Apple’s recent announcements have done well to muffle the hype surrounding the Mac Defender threat targeting Macs. However, we got a chance to talk with the people at Avast, who recently released a free Mac antivirus, and we’re eager to share their thoughts with you, just to turn away from la glare of WWDC for a few minutes.
Ondrej Vlcek, chief technology officer at Avast, was eager to give us his opinion on the severity of the Mac Defender trojan that prompted Apple to take serious action for the first time.
With a fourth Mac Defender variant emerging hours after Apple's Security Update 2011-003 had been released, we concluded that Cupertino was beginning to engage in its first ever tag-you’re-it game with cyber criminals.
“Yes, definitely. It can be seen on both rates of updates of XProtect and the fact that malware creators reacted to it in a few hours. This is sure to be continued,” he told us.
Ondrej elaborated, saying “It's both Apple who got caught off guard, and its end-users, who believed in the ‘secure Mac platform’ myth and neglected using AV software (although it has been available for quite a long time for the Mac platform).”Just like Graham Cluley
(senior technology consultant at Sophos), Avast’s Vlcek sees a bad move in Apple’s advertising Mac OS X as more secure.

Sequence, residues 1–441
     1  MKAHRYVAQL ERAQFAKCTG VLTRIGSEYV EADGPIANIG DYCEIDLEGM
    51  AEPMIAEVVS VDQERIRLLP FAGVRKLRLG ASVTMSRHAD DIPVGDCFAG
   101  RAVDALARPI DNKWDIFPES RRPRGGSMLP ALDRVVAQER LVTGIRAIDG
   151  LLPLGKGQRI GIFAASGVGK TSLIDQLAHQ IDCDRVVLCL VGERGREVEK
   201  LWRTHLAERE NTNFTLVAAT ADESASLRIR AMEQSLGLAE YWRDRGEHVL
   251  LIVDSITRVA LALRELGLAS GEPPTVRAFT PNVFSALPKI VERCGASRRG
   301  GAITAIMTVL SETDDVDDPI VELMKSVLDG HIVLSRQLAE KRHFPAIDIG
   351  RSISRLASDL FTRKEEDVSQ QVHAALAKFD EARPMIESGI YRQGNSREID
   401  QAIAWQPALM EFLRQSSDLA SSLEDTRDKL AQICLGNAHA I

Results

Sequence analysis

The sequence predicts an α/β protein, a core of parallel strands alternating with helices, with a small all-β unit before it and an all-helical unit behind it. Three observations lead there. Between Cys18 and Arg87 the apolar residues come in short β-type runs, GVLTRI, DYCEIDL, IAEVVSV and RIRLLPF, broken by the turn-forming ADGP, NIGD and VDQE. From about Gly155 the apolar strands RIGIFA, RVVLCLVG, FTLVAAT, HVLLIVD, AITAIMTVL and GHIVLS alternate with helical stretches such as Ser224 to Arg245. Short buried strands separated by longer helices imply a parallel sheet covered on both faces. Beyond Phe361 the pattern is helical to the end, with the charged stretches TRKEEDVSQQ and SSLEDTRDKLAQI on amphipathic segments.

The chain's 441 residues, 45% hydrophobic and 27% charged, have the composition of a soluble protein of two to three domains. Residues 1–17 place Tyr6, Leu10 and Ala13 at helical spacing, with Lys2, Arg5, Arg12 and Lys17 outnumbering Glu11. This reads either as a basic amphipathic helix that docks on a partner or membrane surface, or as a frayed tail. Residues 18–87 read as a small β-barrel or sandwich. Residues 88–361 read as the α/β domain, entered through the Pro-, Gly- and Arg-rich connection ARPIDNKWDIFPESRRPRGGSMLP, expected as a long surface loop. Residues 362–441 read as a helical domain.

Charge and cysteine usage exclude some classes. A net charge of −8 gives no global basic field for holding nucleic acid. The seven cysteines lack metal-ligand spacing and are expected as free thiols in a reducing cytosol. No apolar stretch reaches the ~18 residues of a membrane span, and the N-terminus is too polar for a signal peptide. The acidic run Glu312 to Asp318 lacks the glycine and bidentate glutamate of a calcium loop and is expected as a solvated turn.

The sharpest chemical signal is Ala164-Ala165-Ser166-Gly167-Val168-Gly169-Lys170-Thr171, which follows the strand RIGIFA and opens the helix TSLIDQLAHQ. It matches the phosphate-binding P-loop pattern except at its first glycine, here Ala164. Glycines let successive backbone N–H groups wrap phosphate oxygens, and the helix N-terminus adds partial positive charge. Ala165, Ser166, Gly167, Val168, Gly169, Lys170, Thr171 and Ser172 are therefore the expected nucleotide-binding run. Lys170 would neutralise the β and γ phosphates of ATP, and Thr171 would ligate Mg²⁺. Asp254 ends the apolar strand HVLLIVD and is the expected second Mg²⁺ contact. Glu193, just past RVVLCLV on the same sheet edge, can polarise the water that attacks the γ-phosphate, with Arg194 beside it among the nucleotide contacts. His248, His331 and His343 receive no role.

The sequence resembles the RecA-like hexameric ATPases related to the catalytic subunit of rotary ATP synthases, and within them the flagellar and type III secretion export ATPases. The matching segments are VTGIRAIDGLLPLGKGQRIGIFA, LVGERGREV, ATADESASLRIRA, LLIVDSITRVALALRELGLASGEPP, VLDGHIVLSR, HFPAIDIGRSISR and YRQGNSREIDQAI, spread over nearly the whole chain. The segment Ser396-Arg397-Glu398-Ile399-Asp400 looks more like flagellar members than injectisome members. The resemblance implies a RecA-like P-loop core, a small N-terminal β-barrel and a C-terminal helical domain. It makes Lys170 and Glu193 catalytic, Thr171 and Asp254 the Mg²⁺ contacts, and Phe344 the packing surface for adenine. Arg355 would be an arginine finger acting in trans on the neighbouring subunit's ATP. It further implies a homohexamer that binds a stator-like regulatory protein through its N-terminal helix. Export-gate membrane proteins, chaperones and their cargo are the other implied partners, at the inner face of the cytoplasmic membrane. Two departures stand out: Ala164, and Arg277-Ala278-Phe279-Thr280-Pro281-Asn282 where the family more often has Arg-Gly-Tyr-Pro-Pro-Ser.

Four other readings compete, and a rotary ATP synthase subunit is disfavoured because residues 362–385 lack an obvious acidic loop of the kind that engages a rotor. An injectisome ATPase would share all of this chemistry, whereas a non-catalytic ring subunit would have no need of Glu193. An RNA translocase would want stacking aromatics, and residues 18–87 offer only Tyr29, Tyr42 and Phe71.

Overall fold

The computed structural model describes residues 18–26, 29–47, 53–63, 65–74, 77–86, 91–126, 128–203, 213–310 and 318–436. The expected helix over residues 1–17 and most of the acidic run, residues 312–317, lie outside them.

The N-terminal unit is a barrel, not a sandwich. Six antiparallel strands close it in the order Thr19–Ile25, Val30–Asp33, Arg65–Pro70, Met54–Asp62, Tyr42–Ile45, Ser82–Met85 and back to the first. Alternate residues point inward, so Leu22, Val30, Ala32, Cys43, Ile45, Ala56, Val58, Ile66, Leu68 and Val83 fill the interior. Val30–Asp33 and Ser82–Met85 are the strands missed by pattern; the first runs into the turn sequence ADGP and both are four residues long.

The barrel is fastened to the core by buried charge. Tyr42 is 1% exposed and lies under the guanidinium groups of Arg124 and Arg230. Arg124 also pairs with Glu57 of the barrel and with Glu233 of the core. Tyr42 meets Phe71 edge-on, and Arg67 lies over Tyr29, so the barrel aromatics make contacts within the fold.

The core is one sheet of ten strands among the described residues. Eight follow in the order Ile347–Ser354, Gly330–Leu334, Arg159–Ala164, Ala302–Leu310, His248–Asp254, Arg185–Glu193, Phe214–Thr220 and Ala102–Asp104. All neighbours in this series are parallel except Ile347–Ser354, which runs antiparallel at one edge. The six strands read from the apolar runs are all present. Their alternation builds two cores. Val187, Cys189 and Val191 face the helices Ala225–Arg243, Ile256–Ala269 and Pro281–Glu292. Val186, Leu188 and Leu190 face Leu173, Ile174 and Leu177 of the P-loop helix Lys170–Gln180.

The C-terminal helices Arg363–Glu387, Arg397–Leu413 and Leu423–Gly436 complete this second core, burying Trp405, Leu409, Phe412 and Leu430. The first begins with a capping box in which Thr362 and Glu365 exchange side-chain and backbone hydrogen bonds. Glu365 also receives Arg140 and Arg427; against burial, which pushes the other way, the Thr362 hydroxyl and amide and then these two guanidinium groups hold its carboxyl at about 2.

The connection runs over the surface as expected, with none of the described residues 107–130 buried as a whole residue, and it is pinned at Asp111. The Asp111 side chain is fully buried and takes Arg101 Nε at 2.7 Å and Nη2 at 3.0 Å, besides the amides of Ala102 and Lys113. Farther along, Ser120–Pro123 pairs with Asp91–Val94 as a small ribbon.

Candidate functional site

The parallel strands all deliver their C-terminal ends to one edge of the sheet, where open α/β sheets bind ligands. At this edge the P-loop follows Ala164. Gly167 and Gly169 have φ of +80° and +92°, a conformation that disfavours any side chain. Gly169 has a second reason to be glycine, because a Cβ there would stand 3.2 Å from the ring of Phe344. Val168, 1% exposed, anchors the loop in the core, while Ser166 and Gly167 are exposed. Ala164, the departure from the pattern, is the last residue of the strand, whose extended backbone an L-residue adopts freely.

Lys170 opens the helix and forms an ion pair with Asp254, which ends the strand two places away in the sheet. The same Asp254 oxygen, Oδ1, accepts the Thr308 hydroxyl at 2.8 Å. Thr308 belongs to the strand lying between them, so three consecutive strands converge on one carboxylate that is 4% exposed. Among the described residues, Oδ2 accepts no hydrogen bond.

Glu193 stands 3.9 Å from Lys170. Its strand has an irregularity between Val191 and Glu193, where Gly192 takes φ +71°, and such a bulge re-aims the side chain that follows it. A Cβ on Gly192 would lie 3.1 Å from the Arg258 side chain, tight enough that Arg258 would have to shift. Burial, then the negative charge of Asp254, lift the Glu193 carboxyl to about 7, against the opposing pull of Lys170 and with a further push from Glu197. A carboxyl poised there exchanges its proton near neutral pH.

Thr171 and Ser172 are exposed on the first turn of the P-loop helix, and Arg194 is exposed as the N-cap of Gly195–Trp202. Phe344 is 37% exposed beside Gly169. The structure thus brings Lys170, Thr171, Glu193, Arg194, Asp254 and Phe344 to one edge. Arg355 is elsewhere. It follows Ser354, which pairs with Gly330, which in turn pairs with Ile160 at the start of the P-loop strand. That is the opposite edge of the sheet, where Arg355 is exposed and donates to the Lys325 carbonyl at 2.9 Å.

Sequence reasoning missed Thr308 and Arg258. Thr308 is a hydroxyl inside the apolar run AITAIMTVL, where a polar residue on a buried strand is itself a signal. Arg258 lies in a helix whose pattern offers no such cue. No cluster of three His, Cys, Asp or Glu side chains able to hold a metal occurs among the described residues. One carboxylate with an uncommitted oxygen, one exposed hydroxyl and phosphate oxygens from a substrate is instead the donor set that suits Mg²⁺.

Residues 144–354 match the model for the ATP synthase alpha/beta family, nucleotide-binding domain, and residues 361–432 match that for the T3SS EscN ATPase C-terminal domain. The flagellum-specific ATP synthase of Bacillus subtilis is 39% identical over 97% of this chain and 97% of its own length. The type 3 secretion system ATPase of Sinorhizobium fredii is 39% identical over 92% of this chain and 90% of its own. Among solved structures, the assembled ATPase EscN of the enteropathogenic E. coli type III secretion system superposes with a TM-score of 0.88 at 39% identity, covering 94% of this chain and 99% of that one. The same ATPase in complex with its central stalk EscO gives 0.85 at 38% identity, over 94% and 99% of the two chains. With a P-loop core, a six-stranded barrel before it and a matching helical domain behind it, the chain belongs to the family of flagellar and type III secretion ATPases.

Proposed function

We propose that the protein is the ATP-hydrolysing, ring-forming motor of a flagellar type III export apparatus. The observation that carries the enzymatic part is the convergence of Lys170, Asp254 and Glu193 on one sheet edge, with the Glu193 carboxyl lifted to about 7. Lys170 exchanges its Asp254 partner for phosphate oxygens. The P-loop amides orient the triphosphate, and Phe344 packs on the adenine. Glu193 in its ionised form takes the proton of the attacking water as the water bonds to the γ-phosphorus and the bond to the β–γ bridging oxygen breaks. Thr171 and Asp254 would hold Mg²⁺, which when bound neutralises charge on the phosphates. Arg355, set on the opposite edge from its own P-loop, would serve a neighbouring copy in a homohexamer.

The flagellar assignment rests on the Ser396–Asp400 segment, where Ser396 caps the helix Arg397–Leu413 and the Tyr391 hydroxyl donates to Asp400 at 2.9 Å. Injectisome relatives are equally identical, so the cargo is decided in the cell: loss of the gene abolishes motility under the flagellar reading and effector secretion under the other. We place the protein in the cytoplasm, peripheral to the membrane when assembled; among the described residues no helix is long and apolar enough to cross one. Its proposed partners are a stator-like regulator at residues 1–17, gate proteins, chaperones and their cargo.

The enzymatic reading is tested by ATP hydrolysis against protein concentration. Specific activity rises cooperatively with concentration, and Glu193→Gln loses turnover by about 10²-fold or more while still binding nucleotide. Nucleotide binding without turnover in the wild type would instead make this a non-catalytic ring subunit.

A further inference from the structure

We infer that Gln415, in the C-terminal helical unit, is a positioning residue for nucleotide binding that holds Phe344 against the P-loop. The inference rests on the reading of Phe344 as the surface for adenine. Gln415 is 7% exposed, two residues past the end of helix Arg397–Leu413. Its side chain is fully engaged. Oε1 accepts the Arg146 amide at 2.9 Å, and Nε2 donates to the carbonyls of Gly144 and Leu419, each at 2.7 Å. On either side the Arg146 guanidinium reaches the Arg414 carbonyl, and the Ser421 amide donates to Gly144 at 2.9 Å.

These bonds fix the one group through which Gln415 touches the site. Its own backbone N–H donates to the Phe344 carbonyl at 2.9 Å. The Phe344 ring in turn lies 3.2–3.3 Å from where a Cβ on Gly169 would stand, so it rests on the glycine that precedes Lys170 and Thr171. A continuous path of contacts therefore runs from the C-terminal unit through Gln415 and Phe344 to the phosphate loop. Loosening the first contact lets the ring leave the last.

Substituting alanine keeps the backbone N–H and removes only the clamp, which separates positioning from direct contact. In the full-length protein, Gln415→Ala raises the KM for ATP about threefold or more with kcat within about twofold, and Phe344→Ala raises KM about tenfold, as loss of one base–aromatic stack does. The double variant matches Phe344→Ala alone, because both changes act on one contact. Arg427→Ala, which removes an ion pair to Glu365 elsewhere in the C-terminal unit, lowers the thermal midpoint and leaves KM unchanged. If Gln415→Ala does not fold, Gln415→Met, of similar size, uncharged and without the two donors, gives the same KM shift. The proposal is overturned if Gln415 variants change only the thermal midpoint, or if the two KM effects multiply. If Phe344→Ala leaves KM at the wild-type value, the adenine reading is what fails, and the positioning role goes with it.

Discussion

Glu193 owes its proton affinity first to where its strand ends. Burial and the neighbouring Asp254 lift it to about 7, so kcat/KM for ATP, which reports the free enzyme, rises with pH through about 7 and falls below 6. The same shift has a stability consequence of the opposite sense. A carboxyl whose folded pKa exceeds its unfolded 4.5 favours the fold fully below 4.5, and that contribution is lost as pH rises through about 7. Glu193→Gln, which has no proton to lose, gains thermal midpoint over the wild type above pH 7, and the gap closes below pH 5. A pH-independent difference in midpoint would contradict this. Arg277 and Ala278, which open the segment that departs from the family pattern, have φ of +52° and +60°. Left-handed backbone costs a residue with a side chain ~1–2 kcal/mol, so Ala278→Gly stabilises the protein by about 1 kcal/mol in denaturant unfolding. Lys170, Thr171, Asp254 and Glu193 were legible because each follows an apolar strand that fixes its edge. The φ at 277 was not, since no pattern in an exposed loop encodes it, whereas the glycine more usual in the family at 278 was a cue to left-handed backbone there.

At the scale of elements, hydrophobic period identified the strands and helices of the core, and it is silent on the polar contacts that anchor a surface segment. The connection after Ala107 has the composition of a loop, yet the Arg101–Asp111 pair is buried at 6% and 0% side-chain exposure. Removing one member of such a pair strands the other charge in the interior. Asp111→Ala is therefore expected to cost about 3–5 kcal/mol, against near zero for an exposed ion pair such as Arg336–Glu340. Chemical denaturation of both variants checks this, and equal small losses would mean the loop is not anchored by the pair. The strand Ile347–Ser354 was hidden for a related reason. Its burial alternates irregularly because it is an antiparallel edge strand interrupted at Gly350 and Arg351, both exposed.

“To some extent is true, but not because it's safer per se, but because it's still a minority platform which is often not worth the hassle for the bad guys,” Vlcek told Softpedia.
However, he admits Apple is also taking the appropriate steps to counter cyber criminals.
“[The cybercriminals’] quick reaction tells us that they are not going to be stopped with just 1 update from Apple. They are constantly updating their fakeAV all the time.”
“We think there will be future updates, since malware creators already use techniques (like distributing dropper only, not actual malware), that imply quick updating to make it undetected,” he added.
Still, his final advice echoes that of most security experts: “Use an antivirus software. Some are available even free of charge.”
To highlight just how important it has become for Mac users to try and stay on the safe side, Ondrej drew an interesting comparison:
“Think of it as a condom: the price to pay for it is very small, compared to the risks of getting infected.”